Career Profile: Hendratta Ali

Department of Geosciences, Fort Hays State University

Fort Hays State University is a public university.

Hendratta is one of the leaders of the 2020 and 2021 "Early Career Geoscience Faculty" Workshop. Prior to the workshop, we asked each of the leaders to describe their careers, for the benefit of workshop participants, by answering the questions below.

Click on a topic to read Hendratta's answer to an individual question, or scroll down to read the entire profile: Educational background and career path * Early teaching challenges * Research transition * Institutional fit * Balancing responsibilities * Advice for new faculty

Briefly describe your educational background and career path.

I obtained my undergraduate degree in Earth Sciences, and my graduate degrees in Soil Science and Environmental sciences (Licence, maîtrise and Diplôme d'Étude Approfondie) at the University of Yaoundé I, in Yaounde. I earned my doctorate in Geology with emphasis in aqueous isotope geochemistry from Oklahoma State University in Stillwater OK. Prior to my doctorate, I worked as a pedologist / environmental geologist for a 660-miles baseline survey of the Chad-Cameroon pipeline project and freelanced as a technical translator. At FHSU, my primary duties are teaching and scholarship in exploration geology.

What were some of the challenges you faced in your early years of full-time teaching? Could you briefly describe how you overcame one of those challenges?

In the classroom, I struggled with increasing students' attention, keeping students motivated and participating during activities. In other aspects, I struggled with challenges associated with feelings of isolation and instances of bullying, microaggressions and bias. It is a continuous effort to overcome some challenges. I have learned to and developed different strategies of self-care and support systems to help me navigate and manage different challenging situations. A useful strategy is to understand that and how these challenges present themselves and be able to recognize them when they happen. For classroom challenges, I was fortunate to reach out to experienced and peer-mentors, attend workshops, identify and use campus and SERC resources for teaching. I have been inspired to create and implement my own learning activities and to explore different active learning styles.

How did you make the transition from your Ph.D. research to your current research program?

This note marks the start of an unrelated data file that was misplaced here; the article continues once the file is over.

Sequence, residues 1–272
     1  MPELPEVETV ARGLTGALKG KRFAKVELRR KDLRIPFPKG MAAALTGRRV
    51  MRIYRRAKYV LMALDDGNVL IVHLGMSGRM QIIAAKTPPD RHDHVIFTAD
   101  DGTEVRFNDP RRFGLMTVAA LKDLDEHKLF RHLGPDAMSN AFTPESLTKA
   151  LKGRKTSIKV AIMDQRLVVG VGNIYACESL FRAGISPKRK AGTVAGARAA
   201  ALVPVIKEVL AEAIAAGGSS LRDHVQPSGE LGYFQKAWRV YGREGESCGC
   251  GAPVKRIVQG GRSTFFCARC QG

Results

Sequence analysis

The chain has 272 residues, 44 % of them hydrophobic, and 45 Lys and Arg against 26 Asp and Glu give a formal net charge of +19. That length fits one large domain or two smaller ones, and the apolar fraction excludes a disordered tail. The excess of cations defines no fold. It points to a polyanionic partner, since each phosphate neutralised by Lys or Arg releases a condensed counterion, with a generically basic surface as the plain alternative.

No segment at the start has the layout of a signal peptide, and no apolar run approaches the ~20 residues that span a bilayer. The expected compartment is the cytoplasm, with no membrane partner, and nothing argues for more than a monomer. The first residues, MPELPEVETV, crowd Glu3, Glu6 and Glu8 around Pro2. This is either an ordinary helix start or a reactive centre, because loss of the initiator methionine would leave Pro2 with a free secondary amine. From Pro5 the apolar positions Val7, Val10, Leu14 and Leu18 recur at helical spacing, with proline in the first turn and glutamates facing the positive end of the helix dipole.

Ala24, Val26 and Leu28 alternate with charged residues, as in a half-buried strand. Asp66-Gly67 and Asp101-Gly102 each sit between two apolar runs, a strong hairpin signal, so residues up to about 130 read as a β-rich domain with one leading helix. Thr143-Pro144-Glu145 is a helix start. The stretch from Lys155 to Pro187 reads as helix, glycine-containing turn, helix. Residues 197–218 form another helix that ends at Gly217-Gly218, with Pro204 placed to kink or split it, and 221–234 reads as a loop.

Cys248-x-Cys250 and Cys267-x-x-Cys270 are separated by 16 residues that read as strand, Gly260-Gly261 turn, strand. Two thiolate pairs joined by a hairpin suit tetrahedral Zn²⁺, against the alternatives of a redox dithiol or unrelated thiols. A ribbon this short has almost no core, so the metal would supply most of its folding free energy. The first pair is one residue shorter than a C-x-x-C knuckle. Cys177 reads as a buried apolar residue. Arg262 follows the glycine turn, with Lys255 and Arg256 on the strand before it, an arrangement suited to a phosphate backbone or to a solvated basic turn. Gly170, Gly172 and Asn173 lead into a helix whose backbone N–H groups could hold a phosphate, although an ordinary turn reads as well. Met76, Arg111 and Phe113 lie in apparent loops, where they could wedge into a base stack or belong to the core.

The transition was quick. I moved directly from graduate school to a full time position, and my duties as a new hire were in a different emphasis area from my primary Ph.D. research area. For these reasons I temporarily suspended work in my primary research area to focus on designing and teaching classes in the new area that was in line with my primary responsibilities. I leveraged the opportunities and resources that came through professional organizations, and was fortunate to have some institutional support to attend short courses, workshops, and trainings, including this NAGT-SERC workshop. I also interacted with and received support from the local industry. Being at a teaching institution with a load of at least 4 classes a semester, for scholarship and research activities, my strategy has been to incorporate research projects in course work and to seek external collaboration.

An essential component of achieving tenure is finding or making an alignment of your teaching/research goals with the goals of your institution.... How do your goals fit with those of your institution? Did you adjust your goals to achieve that fit? If so, how?

One very practical and useful aspect of the tenure process at my institution is a yearly evaluations of tenure files. This allowed me to get timely input, and to identify areas where I needed to make adjustments to meet different tenure committee expectations. The early feedback was an opportunity to make adjustments with sufficient time to demonstrate how these changes align with the expectations of my institution.

Many of the new faculty members in these workshops are interested in maintaining a modicum of balance while getting their careers off to a strong start. Please share a strategy or strategies that have helped you to balance teaching, research, and your other work responsibilities, OR balance work responsibilities with finding time for your personal life.

It seems challenging to maintain any equitable balance between work and other life needs, especially if the strategy is not broadly supported and /or promoted by the structures in place. Without support, I think that the degree of balance achieved will depend on the amount of privilege that the faculty member has to implement their strategies. For me, balancing work and other life needs is work in progress, sometimes are better than others. As I settled into my duties, some progressive changes that I started to implement were for example, to strive to often leave my office at the end of regular business hours, get enough sleep and exercise, resist the urge to check emails at night and on weekends and create an exciting end of workday routine to help me transition my day. My goal is to find a balance that allows me manage both work and other life needs in a way that works best for me. Given the nature of the activities and tasks that we do as academics this balance will have a sliding scale for different faculty.

What advice do you have for faculty beginning academic careers in geoscience? What do you know now that you wish you had known as you started your career in academia?

To take advantage of resources that already exist and identify those that work for you and your students. Celebrate your milestones, successes, and accomplishments as often as you can. Have a support network of allies, peers and mentors outside your institution that include a diverse group of people both in and out of academia.